Friday, May 27

The far-right wolf pack


  • Mustafa mahmood

    Information Officer, Islamic Council of Norway

  • Naeema saeed

    Board Member, Islamic Council of Norway

Philip Manshaus killed his 17-year-old half-sister before attacking the Al-Noor Islamic Center in Bærum on August 10, two years ago.

We owe it to the victims of far-right violence to clarify the connection and recall the racist incidents.

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On August 10, two years ago, Johanne Zhangjia Ihle-Hansen was assassinated because Philip Manshaus considered her a “racial stranger”. The Al-Noor Mosque was attacked, and Manshaus later explained that he wanted to drive Muslims out of Norway.

The same month, 30 years ago, the racistly motivated “laser man” of Sweden, John Ausonious, shot his first victim. He did not hide from the Swedish democrats inspired it – a party that, according to opinion polls, is now Sweden’s second largest party.

“His hostility towards immigrants strengthened my confidence,” he said. He also claimed that the aim was to scare the immigrants “again on the run.” Anders Behring Breivik has expressed his admiration for Ausonius and Manshaus for Breivik.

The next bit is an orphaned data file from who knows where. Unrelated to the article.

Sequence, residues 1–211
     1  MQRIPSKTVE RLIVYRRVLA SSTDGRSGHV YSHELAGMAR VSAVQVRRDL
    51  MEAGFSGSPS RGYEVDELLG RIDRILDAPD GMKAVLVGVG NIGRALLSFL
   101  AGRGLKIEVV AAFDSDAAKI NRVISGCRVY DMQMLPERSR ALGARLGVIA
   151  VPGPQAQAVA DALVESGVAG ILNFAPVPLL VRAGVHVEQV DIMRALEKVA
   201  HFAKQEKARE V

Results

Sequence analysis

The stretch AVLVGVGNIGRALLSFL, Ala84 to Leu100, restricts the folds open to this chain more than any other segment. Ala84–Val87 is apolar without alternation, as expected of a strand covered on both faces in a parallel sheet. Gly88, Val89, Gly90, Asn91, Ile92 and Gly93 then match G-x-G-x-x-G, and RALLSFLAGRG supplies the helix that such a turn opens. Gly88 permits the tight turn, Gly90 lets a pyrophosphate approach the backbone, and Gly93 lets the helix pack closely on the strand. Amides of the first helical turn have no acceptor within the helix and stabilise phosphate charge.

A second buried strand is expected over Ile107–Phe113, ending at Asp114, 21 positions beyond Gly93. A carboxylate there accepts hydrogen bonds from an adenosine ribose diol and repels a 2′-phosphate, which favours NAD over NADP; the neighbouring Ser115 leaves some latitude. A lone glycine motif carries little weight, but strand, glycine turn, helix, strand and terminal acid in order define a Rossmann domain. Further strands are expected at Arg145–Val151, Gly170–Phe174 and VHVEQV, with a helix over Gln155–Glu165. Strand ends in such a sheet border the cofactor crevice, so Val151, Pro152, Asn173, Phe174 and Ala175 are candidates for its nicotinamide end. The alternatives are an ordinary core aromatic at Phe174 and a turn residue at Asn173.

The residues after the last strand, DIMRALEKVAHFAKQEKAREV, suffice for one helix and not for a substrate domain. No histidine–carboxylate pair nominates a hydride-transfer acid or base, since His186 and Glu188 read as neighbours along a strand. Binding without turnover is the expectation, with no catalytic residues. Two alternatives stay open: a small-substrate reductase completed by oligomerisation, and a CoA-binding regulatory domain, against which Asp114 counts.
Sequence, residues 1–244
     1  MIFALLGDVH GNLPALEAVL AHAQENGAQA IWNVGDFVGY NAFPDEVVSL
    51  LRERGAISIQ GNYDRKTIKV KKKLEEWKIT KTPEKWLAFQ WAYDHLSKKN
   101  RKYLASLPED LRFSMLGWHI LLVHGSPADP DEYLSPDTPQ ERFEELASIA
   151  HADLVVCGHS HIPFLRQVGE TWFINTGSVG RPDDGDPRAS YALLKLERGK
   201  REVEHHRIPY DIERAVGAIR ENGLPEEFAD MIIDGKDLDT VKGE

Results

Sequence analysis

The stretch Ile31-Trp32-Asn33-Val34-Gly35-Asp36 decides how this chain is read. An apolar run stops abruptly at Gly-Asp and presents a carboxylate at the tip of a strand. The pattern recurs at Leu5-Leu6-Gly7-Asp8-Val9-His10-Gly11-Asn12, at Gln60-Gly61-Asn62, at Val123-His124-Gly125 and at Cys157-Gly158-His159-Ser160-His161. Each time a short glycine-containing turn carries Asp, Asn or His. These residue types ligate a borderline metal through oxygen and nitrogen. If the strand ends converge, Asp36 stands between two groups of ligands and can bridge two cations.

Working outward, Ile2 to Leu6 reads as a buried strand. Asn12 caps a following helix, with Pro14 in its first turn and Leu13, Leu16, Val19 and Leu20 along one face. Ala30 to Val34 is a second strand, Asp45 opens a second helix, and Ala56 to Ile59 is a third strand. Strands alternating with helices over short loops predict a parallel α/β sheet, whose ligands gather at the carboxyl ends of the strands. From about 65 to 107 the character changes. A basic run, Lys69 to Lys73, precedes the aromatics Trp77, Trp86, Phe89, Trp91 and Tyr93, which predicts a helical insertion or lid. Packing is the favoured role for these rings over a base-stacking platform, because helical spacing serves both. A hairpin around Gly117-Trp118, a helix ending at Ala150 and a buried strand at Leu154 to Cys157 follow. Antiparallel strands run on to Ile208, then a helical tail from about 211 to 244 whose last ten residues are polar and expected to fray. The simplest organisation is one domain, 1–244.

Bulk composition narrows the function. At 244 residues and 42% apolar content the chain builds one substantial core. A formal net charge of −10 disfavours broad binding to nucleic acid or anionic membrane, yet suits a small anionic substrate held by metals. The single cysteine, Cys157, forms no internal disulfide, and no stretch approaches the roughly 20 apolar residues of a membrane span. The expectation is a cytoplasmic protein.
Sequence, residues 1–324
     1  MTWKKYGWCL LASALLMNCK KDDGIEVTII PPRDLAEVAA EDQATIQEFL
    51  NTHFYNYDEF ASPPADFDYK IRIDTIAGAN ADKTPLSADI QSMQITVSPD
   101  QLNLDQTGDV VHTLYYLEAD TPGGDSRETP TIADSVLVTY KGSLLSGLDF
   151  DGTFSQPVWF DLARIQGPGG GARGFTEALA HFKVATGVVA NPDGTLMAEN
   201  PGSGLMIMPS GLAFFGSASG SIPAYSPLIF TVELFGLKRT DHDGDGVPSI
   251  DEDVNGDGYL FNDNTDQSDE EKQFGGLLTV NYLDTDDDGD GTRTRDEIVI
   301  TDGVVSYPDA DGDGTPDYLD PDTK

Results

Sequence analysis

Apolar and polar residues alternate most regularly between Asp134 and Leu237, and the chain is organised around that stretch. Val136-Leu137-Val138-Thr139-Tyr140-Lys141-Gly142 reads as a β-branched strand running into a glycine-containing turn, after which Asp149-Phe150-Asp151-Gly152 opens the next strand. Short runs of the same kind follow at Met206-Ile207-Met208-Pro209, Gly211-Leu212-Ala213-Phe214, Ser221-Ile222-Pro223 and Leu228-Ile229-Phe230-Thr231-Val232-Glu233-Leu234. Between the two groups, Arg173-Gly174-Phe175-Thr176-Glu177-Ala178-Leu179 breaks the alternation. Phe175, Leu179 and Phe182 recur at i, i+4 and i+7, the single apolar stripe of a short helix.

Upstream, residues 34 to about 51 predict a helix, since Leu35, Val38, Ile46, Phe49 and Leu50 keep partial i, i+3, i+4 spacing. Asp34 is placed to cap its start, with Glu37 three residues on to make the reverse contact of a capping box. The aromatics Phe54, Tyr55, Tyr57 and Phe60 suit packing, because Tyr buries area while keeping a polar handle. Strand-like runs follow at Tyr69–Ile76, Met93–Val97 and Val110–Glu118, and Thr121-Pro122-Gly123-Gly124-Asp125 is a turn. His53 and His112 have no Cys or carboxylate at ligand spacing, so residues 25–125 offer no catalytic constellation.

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In September, there are elections in Norway. Then ask at least three people with ties to the terrorist organization The Nordic Resistance Movement for the elections. Manshaus was in contact with the group during its radicalization process. One of those running for office refers to immigrants as culturally alienated dysfunctional.

All of this shows us that right-wing extremists are not lone wolves, they are part of a wolf pack. It also shows us how hateful rhetoric fuels far-right attitudes and physical and psychological violence against minorities.

We owe it to the victims to clarify these connections and to remember the racist incidents. The August 10 Foundation it is an important contribution in this regard.

  • Mustafa Mahmood, Head of Information, Islamic Council of Norway.

  • Naeema Saeed, a board member of the Islamic Council of Norway.

Words can use violence

Johanne was a victim of physical terror after prolonged psychological terror from a racist family member. We must recognize that words can also use violence.

We must take action against those who use freedom of expression as a pretext for intimidation, harassment and hate speech against minorities.

Words make indefensible sound, and the language of politicians, the media and the man in the street cement our image of reality.

If we accept and live in line with the idea that immigration is a burden, or that other ethnic groups threaten our culture and values, we begin to build our societies and collective narratives around this idea.

Defining others as inferior on the basis that they have other cultural or religious roots than yourself is not the recipe for a good community. A good community is created when we build our collective identity by adhering to values ​​such as socioeconomic justice and universal human rights.



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